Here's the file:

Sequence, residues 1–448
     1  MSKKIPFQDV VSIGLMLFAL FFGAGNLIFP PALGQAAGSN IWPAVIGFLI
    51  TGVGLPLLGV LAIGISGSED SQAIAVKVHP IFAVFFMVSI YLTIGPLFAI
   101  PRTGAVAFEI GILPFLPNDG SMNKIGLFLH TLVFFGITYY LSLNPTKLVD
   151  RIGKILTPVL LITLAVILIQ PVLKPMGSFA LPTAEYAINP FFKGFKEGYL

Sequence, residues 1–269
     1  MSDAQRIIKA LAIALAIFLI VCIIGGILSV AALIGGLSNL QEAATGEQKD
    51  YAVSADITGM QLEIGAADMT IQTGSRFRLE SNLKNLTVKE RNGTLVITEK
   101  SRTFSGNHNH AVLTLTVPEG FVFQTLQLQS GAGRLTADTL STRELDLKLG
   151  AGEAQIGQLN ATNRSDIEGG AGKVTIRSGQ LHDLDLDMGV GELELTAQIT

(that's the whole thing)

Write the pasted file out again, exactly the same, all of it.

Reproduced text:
Sequence, residues 1–448
     1  MSKKIPFQDV VSIGLMLFAL FFGAGNLIFP PALGQAAGSN IWPAVIGFLI
    51  TGVGLPLLGV LAIGISGSED SQAIAVKVHP IFAVFFMVSI YLTIGPLFAI
   101  PRTGAVAFEI GILPFLPNDG SMNKIGLFLH TLVFFGITYY LSLNPTKLVD
   151  RIGKILTPVL LITLAVILIQ PVLKPMGSFA LPTAEYAINP FFKGFKEGYL

Sequence, residues 1–269
     1  MSDAQRIIKA LAIALAIFLI VCIIGGILSV AALIGGLSNL QEAATGEQKD
    51  YAVSADITGM QLEIGAADMT IQTGSRFRLE SNLKNLTVKE RNGTLVITEK
   101  SRTFSGNHNH AVLTLTVPEG FVFQTLQLQS GAGRLTADTL STRELDLKLG
   151  AGEAQIGQLN ATNRSDIEGG AGKVTIRSGQ LHDLDLDMGV GELELTAQIT